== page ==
Rear Seat Frontal Impact Protection for Children Seated on Booster Cushions – An Attitude, Handling and Safety Approach

Real-life data has shown that booster cushions are highly beneficial to belted children, but misuse and non-use problems remain. Furthermore, the rear seat belt system may be optimized for both children and adults. The aim of this study was to evaluate protection concepts offering benefits in from of attitudes, handling and safety perspectives, for children seated on booster cushions. Focus groups, observations and sled tests were performed. Initially, focus groups consisting of 16 children aged 7-8 years discussed the use of booster cushions. Seven children and their parents were then observed buckling up in a car using an integrated booster cushion and an aftermarket booster cushion. Lastly, sled tests were conducted with a Hybrid III 6 year old dummy seated on different booster cushions and restrained by various seat belt systems, including belt load limiting and pretensioning. It was found that children wanted to use booster cushions for safety and comfort, but perceived the use of booster cushions as childish. Parents motivated non-use due to inconvenience. The handling study showed that adults felt secure when handling the integrated booster cushion because it could only be unfolded in one way. Integration facilitated buckling up. Furthermore, it was stable when entering or leaving the car. Misuse was detected for most children when using the aftermarket booster cushion as opposed to only one case of minor misuse with the integrated version. The sled tests with retractors with belt load limiting and pretensioning resulted in reduced head, neck and chest loading as well as forward displacement. By using an attitude, handling and safety approach, the combination of integrated booster cushion, belt pretensioning and load limiting would increase appropriate usage of restraints, decrease dummy injury values and keep forward displacement, thereby saving rear seat occupant lives.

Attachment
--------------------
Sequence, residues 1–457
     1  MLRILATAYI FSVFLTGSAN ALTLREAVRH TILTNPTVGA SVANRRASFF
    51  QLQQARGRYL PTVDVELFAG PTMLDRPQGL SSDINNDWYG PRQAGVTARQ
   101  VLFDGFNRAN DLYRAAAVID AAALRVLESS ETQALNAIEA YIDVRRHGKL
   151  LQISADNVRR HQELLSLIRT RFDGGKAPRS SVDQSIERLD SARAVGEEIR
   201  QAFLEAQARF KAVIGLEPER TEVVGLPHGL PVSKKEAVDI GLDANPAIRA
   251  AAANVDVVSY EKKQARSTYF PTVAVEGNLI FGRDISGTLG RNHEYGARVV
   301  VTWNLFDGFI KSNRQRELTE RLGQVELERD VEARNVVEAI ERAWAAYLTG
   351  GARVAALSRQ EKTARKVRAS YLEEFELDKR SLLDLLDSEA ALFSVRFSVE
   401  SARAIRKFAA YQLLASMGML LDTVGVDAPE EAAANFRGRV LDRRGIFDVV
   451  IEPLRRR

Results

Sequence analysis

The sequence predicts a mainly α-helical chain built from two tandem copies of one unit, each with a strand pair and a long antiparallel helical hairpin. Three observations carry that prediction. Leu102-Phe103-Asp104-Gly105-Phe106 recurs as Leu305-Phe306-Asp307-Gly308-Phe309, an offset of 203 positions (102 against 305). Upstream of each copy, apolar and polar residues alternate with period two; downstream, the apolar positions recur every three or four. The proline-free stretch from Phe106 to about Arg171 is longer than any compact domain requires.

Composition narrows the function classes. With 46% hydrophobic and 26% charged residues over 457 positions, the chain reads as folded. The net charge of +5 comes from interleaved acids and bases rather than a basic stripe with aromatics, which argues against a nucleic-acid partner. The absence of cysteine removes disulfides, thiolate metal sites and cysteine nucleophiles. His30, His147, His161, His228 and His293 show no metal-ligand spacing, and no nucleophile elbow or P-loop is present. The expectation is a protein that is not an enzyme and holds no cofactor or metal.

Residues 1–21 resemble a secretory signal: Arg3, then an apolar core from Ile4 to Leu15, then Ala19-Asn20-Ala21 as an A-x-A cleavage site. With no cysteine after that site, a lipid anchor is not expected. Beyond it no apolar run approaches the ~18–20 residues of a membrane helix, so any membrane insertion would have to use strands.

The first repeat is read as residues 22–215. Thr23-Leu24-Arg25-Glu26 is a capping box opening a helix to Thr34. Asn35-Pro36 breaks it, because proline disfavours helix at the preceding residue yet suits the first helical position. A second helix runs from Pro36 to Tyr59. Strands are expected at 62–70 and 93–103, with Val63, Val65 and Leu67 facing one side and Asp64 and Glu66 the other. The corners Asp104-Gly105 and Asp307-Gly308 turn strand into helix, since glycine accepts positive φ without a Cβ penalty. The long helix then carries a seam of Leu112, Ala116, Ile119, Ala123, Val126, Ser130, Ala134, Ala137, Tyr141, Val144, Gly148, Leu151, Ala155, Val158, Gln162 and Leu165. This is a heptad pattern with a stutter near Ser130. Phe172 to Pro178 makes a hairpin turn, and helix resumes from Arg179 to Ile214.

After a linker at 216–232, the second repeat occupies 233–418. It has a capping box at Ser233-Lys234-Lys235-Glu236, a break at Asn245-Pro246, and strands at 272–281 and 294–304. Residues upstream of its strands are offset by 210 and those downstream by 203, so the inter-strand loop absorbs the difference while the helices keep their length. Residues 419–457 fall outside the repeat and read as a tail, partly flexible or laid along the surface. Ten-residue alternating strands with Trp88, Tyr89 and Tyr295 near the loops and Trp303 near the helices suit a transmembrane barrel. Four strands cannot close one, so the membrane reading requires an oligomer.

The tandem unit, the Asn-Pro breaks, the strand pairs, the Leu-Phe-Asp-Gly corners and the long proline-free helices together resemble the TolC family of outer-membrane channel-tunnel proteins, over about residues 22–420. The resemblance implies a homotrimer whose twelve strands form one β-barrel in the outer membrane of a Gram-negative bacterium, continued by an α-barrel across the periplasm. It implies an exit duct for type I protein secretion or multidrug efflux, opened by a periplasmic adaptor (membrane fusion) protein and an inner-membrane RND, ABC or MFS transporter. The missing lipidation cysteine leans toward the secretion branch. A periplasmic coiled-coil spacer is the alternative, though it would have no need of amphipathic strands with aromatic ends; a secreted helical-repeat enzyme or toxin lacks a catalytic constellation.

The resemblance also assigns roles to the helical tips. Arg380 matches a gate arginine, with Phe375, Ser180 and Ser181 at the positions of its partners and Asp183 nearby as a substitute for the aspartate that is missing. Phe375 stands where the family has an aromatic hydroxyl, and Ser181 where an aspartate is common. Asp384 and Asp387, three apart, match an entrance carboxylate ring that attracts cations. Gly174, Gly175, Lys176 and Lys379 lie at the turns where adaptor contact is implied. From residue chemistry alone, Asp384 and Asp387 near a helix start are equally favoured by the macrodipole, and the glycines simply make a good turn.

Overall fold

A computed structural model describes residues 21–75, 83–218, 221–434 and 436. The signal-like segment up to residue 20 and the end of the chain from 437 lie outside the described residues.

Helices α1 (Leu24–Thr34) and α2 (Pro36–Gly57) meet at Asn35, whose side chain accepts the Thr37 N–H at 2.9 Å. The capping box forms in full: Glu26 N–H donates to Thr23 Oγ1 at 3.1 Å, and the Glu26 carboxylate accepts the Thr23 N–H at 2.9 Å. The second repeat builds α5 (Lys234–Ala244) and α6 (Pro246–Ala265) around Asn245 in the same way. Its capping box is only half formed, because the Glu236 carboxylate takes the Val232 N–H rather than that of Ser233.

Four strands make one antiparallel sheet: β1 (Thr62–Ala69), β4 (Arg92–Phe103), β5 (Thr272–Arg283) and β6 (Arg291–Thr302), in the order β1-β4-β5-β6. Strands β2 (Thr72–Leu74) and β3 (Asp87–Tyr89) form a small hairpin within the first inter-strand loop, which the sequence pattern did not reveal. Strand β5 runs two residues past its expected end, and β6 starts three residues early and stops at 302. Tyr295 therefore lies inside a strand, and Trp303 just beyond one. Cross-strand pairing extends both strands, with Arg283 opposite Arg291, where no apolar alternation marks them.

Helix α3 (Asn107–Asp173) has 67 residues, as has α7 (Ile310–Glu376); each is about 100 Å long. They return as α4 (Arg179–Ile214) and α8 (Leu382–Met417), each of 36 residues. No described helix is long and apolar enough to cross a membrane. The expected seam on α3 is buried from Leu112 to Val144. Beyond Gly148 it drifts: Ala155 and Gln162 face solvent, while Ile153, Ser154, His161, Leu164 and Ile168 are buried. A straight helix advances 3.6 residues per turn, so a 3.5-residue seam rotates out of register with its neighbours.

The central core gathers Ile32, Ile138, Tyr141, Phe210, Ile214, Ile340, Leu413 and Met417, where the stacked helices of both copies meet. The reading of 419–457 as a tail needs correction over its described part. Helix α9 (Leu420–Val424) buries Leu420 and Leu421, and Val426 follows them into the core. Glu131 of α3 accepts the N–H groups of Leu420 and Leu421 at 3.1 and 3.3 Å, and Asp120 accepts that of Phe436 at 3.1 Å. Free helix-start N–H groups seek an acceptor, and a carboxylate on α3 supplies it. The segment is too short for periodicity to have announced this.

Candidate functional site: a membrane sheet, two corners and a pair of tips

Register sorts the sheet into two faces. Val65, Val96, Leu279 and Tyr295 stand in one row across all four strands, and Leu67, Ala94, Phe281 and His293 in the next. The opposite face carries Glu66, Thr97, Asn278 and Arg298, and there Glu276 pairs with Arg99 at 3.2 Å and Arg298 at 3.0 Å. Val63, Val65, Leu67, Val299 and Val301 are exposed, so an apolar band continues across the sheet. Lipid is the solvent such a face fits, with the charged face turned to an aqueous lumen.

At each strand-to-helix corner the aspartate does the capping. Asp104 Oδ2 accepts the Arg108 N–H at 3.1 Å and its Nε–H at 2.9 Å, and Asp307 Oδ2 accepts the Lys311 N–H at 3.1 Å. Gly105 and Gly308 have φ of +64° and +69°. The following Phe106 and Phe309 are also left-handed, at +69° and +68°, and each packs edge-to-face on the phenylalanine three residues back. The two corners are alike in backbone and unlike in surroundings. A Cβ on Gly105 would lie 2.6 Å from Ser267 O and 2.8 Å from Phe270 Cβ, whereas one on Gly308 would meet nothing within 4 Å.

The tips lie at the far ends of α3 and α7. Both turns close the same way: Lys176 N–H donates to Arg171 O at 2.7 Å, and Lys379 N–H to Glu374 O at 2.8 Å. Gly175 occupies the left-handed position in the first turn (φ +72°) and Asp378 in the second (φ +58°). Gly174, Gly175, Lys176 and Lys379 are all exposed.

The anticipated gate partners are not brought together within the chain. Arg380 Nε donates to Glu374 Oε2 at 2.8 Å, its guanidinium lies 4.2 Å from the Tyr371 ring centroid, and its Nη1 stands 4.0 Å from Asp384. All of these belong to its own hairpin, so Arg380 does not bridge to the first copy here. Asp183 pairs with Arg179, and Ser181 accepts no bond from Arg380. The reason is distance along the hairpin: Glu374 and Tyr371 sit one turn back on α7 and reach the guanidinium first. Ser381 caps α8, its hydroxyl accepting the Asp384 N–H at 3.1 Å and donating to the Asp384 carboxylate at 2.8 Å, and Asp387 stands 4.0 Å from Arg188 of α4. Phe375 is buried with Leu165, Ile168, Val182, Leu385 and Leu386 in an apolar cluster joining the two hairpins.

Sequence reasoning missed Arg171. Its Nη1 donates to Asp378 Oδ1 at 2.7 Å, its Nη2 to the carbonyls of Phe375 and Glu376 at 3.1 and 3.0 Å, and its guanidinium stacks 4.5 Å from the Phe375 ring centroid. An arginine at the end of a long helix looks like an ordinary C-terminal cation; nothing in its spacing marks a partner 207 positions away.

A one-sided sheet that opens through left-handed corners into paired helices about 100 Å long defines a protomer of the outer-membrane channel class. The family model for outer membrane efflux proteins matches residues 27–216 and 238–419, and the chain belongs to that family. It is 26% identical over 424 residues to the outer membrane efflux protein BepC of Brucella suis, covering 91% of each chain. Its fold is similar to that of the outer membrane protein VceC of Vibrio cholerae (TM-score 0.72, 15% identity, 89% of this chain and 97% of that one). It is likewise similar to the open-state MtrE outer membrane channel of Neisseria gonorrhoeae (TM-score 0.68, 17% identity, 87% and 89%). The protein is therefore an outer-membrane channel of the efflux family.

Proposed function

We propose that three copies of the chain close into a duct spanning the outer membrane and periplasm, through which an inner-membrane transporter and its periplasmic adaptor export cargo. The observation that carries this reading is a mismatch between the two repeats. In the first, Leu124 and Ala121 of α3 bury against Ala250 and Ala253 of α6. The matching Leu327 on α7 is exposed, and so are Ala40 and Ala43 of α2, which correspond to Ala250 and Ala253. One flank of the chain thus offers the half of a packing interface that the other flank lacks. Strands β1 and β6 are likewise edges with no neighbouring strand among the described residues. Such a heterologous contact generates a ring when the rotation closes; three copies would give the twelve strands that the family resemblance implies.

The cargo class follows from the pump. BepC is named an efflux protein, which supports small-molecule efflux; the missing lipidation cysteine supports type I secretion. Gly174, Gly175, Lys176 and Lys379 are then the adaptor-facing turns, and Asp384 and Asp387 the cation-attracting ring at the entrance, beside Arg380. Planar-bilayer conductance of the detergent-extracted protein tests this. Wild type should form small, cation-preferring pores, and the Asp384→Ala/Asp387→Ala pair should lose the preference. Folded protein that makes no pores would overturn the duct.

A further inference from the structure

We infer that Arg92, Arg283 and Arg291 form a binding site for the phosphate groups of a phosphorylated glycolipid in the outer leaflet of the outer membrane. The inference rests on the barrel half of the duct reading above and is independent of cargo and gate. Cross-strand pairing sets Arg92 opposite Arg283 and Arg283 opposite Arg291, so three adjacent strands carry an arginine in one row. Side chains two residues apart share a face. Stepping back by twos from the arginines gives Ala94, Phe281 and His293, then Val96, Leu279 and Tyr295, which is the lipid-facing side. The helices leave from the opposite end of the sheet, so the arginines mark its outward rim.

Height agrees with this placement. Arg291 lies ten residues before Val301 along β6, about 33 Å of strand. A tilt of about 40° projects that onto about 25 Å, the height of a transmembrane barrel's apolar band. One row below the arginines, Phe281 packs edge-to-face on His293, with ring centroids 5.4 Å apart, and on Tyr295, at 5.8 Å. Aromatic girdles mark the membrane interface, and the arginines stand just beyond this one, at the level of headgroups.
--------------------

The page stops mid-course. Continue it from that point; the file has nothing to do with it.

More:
Language

  • English

Media Info

  • Media Type: Web
  • Features: Figures; Photos; References;
  • Pagination: 9p
  • Monograph Title: 20th International Technical Conference on the Enhanced Safety of Vehicles (ESV)

Subject/Index Terms

Filing Info

  • Accession Number: 01576311
  • Record Type: Publication
  • Report/Paper Numbers: 07-0268
  • Files: TRIS, ATRI, USDOT
  • Created Date: Sep 1 2015 2:27PM